Carlos Rivera knew several years ago as a middle school student that he wanted to attend Smith Vocational and Agricultural High School.
At the time, Rivera said he didn’t like the school work while at JFK Middle School, and was looking for a hands-on education that he knew he could get at the vocational in the same city. Now 17, the Smith Voc senior said his grades have improved and he’s in advanced placement classes and National Honor Society.
Though he is content, he says there are stereotypes about Smith Voc, where students spend time on traditional academics and their chosen trade.
“Everyone thinks you’re learning a trade because you’re stupid,” said Rivera, while sitting in Smith Voc’s front office with safety glasses on his head. “I think that it’s ignorant … We have an opportunity no one else has.”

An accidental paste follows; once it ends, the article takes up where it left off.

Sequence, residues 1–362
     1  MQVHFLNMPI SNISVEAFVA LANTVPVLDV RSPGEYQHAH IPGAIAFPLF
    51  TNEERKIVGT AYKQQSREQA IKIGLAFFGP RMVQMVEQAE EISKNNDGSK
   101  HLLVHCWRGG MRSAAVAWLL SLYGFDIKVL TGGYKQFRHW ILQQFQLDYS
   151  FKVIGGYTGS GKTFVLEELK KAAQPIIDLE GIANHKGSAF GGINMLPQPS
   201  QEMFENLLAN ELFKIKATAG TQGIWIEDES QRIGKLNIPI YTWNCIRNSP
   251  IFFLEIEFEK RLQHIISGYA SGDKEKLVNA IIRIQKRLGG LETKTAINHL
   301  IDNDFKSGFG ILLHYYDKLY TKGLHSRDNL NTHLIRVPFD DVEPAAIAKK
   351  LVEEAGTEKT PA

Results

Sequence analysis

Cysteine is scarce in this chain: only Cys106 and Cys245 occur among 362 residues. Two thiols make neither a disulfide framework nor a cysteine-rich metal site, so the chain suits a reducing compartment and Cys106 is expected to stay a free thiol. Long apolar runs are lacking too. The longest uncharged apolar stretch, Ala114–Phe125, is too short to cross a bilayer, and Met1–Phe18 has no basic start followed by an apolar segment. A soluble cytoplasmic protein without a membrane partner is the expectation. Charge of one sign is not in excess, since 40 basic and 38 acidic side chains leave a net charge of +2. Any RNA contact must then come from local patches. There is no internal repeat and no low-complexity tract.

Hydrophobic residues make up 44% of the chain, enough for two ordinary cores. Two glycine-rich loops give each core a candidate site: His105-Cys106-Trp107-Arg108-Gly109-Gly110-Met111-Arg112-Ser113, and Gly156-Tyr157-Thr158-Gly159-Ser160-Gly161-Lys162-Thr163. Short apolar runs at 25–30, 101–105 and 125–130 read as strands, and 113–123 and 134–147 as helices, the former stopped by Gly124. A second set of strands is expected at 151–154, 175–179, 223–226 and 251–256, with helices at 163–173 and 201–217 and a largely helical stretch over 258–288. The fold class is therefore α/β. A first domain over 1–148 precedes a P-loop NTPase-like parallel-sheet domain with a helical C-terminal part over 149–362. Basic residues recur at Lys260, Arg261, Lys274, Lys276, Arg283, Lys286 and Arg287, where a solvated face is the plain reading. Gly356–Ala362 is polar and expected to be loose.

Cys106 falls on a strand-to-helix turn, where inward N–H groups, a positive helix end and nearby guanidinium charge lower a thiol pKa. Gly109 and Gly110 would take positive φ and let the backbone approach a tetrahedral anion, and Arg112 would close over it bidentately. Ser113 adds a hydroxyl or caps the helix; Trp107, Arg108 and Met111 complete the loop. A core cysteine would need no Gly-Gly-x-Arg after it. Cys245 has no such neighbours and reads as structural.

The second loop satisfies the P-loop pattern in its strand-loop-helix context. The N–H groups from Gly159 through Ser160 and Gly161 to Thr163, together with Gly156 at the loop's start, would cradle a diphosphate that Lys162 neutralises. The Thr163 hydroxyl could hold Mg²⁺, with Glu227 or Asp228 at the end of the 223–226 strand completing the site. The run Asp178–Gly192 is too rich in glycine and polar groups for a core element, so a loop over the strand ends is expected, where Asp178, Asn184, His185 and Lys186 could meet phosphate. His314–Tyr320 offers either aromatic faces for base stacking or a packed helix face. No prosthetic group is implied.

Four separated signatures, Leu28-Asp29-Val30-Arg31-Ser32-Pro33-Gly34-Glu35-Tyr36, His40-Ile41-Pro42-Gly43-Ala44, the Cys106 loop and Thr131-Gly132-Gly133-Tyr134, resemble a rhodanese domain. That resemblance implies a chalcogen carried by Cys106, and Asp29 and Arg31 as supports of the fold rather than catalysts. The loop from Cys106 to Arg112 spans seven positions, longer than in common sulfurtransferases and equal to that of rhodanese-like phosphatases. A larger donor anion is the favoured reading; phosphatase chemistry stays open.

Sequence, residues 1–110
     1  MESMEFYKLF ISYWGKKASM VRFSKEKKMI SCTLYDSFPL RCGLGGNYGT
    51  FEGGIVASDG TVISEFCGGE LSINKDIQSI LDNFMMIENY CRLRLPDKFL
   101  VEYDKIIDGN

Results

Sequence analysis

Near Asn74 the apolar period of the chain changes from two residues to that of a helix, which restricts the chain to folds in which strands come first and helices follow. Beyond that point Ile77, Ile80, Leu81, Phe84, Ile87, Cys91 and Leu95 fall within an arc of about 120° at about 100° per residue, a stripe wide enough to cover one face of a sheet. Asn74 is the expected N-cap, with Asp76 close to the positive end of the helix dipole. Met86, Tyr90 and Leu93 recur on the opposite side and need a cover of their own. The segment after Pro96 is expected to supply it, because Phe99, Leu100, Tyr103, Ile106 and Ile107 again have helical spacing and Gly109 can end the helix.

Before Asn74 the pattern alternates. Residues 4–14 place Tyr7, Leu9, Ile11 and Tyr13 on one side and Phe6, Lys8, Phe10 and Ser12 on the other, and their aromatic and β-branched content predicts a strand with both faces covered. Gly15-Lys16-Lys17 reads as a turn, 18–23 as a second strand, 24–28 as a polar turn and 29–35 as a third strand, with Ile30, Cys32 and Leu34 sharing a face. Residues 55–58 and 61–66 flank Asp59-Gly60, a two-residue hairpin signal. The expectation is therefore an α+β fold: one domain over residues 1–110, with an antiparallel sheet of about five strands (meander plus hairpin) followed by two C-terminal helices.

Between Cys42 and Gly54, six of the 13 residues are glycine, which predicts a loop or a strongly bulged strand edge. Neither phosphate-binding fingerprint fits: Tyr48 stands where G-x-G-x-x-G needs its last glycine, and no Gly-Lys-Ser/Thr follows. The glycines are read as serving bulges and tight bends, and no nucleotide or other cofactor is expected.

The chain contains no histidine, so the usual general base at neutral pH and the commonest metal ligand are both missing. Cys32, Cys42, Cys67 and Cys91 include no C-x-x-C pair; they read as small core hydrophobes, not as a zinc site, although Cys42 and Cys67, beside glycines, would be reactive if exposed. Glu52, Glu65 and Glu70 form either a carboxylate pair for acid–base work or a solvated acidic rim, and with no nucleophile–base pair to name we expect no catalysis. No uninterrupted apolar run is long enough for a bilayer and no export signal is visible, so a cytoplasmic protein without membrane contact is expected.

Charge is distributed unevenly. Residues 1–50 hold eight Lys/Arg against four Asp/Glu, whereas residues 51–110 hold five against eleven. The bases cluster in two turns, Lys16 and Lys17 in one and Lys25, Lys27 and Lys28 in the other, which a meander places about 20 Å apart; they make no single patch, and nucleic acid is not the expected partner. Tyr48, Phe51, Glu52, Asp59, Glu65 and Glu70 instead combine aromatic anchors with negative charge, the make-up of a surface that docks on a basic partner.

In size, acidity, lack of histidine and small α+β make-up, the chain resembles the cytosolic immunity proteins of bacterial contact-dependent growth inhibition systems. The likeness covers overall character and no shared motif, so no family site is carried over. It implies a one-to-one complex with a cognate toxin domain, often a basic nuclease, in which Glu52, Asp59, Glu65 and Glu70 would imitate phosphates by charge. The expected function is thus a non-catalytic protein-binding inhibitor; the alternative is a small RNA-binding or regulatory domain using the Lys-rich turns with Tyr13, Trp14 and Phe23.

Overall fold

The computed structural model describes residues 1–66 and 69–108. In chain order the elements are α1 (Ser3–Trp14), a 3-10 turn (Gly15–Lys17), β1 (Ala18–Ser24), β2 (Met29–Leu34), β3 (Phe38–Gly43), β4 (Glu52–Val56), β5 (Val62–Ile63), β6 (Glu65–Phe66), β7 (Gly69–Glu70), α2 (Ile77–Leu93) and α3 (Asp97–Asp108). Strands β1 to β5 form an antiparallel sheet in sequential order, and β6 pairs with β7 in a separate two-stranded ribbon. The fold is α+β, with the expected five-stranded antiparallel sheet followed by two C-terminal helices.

Rivera has already mapped out how he will use his opportunity. After graduation, he plans to move to North Carolina and work for his uncle’s plumbing company while also enrolling in college to study business.
Rivera is part of a growing number of vocational high school students in the commonwealth. The 145-student freshman class at Smith Voc, for example, is bigger than any other incoming class that Superintendent Andrew Linkenhoker can remember. For the first time, he said, the school had to turn some students away because it was too full.